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I stumbled across a code based on unions in C. Here is the code:

    union    {  
        struct  {  
            char ax[2];  
            char ab[2];  
        } s;  
        struct  {  
            int a;  
            int b;  
        } st;  
    } u ={12, 1}; 

    printf("%d %d", u.st.a, u.st.b);  

I just couldn't understand how come the output was 268 0. How were the values initialized? How is the union functioning here? Shouldn't the output be 12 1. It would be great if anyone could explain what exactly is happening here in detail.

I am using a 32 bit processor and on Windows 7.

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1  
And how on earth should the initializer know that you want to initialize st and not s? –  Christian Rau Dec 7 '11 at 15:43
4  
Had i known , this question wouldn't be here. –  h4ck3d Dec 7 '11 at 16:32

5 Answers 5

up vote 11 down vote accepted

The code doesn't do what you think. Brace-initializes initialize the first union member, i.e. u.s. However, now the initializer is incomplete and missing braces, since u.s contains two arrays. It should be somethink like: u = { { {'a', 'b'}, { 'c', 'd' } } };

You should always compile with all warnings, a decent compiler should have told you that something was amiss. For instance, GCC says, missing braces around initialiser (near initialisation for ‘u.s’) and missing initialiser (near initialisation for ‘u.s.ab’). Very helpful.

In C99 you can take advantage of named member initialization to initialize the second union member: u = { .st = {12, 1} }; (This is not possible in C++, by the way.) The corresponding syntax for the first case is `u = { .s = { {'a', 'b'}, { 'c', 'd' } } };, which is arguably more explicit and readable!

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1  
Actually you need two extra sets of braces (one for the union, one for the struct, and one for the array): u = {{{'a', 'b'}, {'c', 'd'}}}. –  Adam Rosenfield Dec 7 '11 at 15:31
    
@AdamRosenfield: Yes, thank you! –  Kerrek SB Dec 7 '11 at 15:32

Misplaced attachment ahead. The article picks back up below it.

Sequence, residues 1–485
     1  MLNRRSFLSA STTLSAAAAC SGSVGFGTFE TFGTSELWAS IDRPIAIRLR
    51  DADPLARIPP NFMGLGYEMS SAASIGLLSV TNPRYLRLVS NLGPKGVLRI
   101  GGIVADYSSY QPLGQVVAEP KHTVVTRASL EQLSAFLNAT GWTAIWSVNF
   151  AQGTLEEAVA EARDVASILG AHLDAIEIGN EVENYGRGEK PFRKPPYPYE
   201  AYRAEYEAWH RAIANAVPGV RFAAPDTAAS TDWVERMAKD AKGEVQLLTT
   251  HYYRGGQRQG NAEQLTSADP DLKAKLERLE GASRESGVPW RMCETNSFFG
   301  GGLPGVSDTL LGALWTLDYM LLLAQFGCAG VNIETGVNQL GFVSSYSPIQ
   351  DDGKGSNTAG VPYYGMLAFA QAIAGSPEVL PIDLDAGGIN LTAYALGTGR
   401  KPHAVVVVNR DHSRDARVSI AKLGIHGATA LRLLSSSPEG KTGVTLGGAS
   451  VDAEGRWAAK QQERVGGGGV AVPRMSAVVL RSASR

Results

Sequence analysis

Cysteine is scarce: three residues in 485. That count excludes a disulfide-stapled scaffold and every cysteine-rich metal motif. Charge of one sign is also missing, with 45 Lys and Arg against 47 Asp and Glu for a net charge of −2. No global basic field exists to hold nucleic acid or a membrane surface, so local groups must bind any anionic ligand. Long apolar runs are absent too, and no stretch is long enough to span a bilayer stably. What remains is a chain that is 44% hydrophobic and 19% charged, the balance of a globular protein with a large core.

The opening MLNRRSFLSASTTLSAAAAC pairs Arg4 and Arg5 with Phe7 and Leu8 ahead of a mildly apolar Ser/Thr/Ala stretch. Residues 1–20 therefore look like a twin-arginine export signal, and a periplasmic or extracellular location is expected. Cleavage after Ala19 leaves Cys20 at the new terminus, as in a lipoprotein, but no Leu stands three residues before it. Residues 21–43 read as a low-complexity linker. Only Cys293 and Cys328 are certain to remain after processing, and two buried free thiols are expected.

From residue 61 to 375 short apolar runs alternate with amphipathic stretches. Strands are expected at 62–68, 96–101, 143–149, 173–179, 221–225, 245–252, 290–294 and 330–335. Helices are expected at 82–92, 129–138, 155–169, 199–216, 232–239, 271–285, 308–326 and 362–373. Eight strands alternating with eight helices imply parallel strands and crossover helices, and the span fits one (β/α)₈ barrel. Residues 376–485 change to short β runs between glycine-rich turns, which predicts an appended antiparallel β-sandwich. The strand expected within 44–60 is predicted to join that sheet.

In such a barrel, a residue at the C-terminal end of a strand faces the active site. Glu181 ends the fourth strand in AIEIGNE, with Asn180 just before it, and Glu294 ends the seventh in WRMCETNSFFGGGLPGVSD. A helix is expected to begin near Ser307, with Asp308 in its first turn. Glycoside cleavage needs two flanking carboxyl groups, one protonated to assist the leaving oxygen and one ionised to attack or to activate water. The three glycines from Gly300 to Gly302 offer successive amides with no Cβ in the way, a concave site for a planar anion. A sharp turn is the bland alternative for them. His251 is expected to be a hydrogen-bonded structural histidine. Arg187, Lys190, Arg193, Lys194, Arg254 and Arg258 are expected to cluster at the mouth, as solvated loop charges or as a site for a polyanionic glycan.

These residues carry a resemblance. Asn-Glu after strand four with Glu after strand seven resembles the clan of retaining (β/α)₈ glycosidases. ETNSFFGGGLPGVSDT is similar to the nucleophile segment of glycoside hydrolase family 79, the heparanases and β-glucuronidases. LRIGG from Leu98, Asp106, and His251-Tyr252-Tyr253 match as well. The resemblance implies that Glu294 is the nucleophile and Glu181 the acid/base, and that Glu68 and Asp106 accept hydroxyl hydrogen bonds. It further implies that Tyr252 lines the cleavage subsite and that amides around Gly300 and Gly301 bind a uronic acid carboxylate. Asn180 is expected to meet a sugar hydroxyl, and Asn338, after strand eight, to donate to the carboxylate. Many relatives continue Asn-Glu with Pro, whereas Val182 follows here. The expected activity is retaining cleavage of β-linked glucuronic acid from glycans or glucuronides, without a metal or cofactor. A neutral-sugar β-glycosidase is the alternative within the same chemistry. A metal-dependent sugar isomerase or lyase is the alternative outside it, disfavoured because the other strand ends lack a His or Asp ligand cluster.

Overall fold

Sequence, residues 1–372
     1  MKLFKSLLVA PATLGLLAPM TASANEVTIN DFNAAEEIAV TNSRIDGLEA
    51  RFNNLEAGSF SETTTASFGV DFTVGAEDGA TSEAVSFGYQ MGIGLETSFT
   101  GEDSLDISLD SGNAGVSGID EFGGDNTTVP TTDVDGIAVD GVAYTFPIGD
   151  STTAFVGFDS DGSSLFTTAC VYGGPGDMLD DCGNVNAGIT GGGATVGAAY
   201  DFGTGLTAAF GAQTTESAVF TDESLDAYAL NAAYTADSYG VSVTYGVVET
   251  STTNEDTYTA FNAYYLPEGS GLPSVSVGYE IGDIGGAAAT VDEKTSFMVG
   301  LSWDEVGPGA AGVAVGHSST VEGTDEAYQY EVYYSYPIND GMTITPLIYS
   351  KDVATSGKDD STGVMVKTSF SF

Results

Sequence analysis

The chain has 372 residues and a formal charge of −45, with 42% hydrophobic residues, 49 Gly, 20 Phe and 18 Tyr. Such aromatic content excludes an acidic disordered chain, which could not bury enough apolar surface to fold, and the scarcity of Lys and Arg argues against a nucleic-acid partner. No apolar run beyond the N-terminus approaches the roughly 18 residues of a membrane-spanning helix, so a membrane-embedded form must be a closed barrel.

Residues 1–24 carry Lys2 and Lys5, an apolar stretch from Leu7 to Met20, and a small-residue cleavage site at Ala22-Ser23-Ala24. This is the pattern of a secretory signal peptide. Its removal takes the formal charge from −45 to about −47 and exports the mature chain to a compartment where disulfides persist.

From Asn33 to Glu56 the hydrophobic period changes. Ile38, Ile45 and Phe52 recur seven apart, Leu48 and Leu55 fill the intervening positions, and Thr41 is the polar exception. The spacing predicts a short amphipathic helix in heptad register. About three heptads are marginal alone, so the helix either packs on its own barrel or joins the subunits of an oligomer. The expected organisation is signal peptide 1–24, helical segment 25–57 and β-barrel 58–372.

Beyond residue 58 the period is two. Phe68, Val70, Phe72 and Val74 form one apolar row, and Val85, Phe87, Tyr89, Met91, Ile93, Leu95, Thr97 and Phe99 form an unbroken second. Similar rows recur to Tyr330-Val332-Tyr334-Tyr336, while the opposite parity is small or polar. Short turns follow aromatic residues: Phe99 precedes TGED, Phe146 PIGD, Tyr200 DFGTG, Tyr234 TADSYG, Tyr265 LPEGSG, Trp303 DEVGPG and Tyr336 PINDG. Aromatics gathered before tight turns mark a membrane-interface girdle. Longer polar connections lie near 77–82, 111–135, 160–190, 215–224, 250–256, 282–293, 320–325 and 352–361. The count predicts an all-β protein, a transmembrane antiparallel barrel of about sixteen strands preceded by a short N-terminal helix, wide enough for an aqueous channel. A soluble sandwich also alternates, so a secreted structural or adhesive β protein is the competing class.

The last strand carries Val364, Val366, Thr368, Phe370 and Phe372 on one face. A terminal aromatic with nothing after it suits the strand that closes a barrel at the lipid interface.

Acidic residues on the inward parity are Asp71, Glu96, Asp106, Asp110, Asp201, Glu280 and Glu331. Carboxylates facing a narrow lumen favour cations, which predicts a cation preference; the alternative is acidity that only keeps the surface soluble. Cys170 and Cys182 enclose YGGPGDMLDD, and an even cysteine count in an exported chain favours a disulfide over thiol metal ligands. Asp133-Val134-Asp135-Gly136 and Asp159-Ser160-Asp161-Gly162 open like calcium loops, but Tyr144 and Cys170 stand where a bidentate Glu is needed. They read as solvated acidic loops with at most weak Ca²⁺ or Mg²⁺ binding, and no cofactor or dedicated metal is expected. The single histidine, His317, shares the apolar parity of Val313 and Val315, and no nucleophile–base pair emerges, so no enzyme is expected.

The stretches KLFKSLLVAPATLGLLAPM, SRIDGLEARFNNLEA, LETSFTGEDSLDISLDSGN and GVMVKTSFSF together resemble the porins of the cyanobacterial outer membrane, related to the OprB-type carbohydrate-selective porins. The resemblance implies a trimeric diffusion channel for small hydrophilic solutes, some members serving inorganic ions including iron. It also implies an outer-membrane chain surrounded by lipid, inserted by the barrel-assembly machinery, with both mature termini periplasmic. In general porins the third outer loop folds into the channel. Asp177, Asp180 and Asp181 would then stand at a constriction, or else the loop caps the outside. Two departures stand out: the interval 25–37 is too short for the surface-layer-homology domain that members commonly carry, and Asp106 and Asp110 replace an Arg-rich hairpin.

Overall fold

Missing braces isn't an error. –  u0b34a0f6ae Dec 7 '11 at 15:47
    
@KerrekSB Thank you. Probably the best answer. Could you also explain that why is the output 268 0 now that the initialization problem is over. –  h4ck3d Dec 7 '11 at 16:00
3  
@NiteeshMehra: Here is what happened. s.ax[2] and s.ab[2] were packed into 4 bytes in little-endian order. Your initialization initialized s.ax[0] to 12 (0x0C) and s.ax[1] to 1 (0x01). Everything else was initialized to 0. (I don't know whether or not this is "spec" behavior, but it is what I would expect to happen.) Assuming you are using 32-bit ints, the resulting data layout is as follows (lowest byte on the left): 0C 01 00 00 00 00 00 00 So when you printed the first 4-byte int you got 0x0000010C, or 268, and when you printed the second 4-byte int you got 0x00000000, the mystery 0. –  Andrew Cottrell Dec 7 '11 at 16:59

The code sets u.s.ax[0] to 12 and u.s.ax[1] to 1. u.s.ax is overlayed onto u.st.a so the least-significant byte of u.st.a is set to 12 and the most-significant byte to 1 (so you must be running on a little-endian architecture) giving a value of 0x010C or 268.

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How come 0x010C ? Shouldn't that be 0x001C? –  h4ck3d Dec 7 '11 at 15:58
    
Thanks I think I got it, correct me if am wrong : The bits are set like this 00000001 00001100 = 256+8+4 = 268. Right ? But then why is u.st.b = 0 ? –  h4ck3d Dec 7 '11 at 16:13
1  
Yes - 00000001 00001100 is 0x010C. u.st.b is zero because only two values were provided and these were assigned to u.s.ax[0] and u.s.ax[1]. These two chars overlay the least-significant end of u.st.a, leaving the upper half and u.st.b set to zero by default. –  Borodin Dec 9 '11 at 3:10

Your code uses the default initializer for the union, which is its first member. Both 12 and 1 go into the characters of ax, hence the result that you see (which is very much compiler-dependent).

If you wanted to initialize through the second memmber (st) you would use a designated initializer:

union {  
    struct {  
        char ax[2];  
        char ab[2];  
    } s;  
    struct {  
        int a;  
        int b;  
    } st;  
} u ={ .st = {12, 1}}; 
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A union's size is the maximum size of the largest element that composes the union. So in this case, your union type has a size of 8-bytes on a 32-bit platform where int types are 4-bytes each. The first member of the union, s, though, only takes up 2-bytes, and therefore overlaps with the first 2-bytes of the st.a member. Since you are on a little-endian system, that means that we're overlapping the two lower-order bytes of st.a. Thus, when you initialize the union as it's done with the values {12, 1}, you've only initialized the values in the two lower-order bytes of st.a ... this leaves the value of st.b initialized to 0. Thus when you attempt to print out the struct containing the two int rather than char members of the union, you end up with your results of 128 and 0.

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The output is 268 and 0. Why does the first member of the union s take up 2 bytes ? Shouldn't it take 4 bytes? It has 2 char array of size 2. So it should be 2*2 = 4. Correct me if i am wrong. –  h4ck3d Dec 7 '11 at 16:03

It probably assigned { 12 ,1 } to the first 2 char in s.ax.

So in a 32bit int it's 1*256 + 12 = 268

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